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19 March 2012

Fun Characters Abound in Ads For Kids—But Don’t Live up to Industry’s Own Guidelines

Keywords: Websites, advergames, advertising, brands, fast food, games, kids, television, food,

Characters in advertisements on kids’ websites are everywhere according to a New Media & Society study. Out of a hundred popular children’s websites, more than half used characters for advertising but most of those websites did not distinguish them from other content as ads (as recommended by self-regulatory advertising guidelines).

Take aways

  • In the period of 2003 to 2009, more than half of popular children’s websites featured fun characters for advertising purposes.
  • Of those websites, less than one quarter explicitly labeled their advertising content—despite the suggestions of self-regulatory guidelines.

Study information

  • The question?

    To what extent do characters prevail in advertising messages on popular children’s websites and are these messages clearly separated from other content?

  • Who?


  • Where?

    United States

  • How?

    Researcher studied 101 commercial websites aimed at children aged 12 and younger over a six year period (2003, 2006 and 2009). The websites were selected from a list published by the Federal Trade Commission (2002) that was drawn up to investigate compliance with privacy policies. Each website’s homepage, games section, and individual games within the site were analyzed for the presence of characters, including popular cartoon and television characters (e.g., SpongeBob SquarePants), brand characters (e.g., Ronald McDonalds for McDonalds fast-food restaurants) and characters that are identical to a product, so-called product personalities (e.g., Barbie). In addition, researchers noted whether each online advertisement featuring a character were identified as advertisements (e.g., messages saying “Advertisment” or “Ad”).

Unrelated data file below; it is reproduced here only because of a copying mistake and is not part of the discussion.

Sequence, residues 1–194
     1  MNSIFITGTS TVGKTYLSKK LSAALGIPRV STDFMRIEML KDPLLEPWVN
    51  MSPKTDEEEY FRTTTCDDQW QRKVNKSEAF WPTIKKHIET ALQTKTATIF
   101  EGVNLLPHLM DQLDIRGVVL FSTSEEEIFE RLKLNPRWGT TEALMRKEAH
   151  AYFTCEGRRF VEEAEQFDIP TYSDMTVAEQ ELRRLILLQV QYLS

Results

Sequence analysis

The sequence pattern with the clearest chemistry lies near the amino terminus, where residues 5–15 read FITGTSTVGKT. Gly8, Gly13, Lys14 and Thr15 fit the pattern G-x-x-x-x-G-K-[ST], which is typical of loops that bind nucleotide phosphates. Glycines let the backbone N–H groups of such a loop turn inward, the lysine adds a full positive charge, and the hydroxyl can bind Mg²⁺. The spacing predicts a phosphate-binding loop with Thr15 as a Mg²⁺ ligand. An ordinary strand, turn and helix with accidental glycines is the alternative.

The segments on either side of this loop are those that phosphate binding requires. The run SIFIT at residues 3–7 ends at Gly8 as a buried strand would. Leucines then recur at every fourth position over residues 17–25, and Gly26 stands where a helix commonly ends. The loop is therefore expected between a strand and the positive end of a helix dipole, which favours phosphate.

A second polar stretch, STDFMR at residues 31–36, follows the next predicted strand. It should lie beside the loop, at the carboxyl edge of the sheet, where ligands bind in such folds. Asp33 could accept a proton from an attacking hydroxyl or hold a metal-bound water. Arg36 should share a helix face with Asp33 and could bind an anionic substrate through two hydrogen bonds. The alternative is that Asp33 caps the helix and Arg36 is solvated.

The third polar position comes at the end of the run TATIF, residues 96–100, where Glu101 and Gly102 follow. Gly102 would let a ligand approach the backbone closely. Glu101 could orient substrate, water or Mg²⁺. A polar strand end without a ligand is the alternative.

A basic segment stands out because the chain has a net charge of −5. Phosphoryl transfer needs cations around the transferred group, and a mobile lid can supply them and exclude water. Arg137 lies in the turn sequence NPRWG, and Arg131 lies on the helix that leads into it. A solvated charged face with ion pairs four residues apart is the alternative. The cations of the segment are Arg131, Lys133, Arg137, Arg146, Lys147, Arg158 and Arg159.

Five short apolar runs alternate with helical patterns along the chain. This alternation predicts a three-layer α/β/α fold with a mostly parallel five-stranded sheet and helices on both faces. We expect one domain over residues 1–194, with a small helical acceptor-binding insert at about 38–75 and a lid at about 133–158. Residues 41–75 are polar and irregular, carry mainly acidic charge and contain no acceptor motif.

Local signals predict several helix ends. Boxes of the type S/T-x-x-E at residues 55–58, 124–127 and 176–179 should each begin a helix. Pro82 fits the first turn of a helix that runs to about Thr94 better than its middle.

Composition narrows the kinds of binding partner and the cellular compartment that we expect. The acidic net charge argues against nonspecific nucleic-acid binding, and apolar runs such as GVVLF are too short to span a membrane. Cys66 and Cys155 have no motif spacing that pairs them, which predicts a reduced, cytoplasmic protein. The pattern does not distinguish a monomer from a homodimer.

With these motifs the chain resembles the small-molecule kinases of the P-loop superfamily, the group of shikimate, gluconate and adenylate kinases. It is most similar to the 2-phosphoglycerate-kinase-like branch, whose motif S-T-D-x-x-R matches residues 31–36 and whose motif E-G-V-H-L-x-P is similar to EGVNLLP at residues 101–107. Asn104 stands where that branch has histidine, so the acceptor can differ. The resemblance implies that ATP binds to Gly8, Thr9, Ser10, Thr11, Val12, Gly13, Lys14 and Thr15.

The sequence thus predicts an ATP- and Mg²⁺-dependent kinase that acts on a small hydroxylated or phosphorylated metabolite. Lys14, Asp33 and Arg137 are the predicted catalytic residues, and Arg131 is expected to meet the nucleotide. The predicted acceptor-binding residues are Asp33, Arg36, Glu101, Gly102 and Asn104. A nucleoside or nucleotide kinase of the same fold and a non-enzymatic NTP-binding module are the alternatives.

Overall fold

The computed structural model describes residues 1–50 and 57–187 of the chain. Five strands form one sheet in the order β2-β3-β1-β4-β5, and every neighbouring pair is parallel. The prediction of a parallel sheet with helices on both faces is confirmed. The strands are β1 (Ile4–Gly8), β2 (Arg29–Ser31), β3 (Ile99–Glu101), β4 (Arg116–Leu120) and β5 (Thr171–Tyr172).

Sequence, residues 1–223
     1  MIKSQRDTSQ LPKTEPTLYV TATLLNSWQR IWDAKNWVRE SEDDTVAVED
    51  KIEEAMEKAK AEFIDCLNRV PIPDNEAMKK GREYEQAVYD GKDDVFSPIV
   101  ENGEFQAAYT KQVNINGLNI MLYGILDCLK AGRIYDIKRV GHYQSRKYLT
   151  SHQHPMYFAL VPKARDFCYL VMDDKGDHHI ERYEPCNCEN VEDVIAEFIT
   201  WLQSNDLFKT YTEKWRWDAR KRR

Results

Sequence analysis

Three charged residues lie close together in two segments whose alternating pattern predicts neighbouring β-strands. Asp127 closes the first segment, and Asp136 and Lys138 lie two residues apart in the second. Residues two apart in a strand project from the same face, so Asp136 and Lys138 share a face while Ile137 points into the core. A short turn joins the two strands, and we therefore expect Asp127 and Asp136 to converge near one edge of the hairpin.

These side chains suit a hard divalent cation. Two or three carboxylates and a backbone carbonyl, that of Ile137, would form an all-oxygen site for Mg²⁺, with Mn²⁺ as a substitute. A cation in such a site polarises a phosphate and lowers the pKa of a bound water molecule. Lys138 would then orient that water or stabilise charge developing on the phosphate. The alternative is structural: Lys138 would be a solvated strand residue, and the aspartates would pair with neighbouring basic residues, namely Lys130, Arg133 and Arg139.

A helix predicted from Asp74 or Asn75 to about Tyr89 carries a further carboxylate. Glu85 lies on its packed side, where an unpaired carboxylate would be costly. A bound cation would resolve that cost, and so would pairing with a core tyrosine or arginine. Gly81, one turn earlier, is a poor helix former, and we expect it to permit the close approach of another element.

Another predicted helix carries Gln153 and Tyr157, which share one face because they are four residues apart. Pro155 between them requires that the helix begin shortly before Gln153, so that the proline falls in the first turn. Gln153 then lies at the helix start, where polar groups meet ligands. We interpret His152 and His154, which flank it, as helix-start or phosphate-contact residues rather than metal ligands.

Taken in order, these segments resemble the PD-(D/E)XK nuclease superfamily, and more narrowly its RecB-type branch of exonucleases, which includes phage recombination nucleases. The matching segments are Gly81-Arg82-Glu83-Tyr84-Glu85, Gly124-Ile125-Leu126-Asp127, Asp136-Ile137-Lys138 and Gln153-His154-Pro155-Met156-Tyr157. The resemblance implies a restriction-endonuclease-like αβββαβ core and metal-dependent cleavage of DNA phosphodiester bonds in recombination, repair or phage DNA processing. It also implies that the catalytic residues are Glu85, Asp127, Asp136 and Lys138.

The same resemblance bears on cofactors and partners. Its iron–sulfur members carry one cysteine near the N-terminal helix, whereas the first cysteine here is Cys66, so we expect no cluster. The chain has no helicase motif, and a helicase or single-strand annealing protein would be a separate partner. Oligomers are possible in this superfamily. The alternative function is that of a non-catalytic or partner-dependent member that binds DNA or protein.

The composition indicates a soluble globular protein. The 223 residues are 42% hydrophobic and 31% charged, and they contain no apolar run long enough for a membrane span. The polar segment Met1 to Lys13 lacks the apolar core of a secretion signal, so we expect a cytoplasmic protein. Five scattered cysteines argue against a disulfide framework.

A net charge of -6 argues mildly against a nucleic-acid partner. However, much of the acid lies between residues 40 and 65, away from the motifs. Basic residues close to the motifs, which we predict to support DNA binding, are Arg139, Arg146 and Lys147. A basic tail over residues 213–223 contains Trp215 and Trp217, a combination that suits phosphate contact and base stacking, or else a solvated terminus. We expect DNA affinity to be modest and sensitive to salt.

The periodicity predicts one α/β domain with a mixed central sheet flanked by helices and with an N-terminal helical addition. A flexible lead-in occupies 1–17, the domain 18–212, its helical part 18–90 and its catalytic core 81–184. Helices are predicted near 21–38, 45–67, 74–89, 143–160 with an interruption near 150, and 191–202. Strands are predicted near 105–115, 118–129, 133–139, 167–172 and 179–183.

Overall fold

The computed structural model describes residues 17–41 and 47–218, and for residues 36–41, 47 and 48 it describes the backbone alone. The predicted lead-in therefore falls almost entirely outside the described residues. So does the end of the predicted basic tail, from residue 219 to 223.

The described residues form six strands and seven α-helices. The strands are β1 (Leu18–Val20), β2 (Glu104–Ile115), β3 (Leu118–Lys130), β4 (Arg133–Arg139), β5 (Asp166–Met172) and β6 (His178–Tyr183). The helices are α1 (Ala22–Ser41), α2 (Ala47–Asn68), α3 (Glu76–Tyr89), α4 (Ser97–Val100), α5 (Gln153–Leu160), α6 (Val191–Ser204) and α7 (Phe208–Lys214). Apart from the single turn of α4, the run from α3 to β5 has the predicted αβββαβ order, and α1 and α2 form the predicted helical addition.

Facts and findings

  • Characters were very common in ads—more than half of the websites used them. Characters could be found in advertisements, advergames, or as a link to an external advertising page. 
  • Over the six years of the study, popular cartoon and TV characters surged while the use of brand characters and product personalities fell.
  • More than three-quarters of the time, websites using characters for advertising failed to label them clearly as such.
  • Self-regulatory advertising guidelines (e.g., CARU guidelines in the United States) encourage a clear separation of advertising from the other contents on a website, especially when that website is aimed at kids.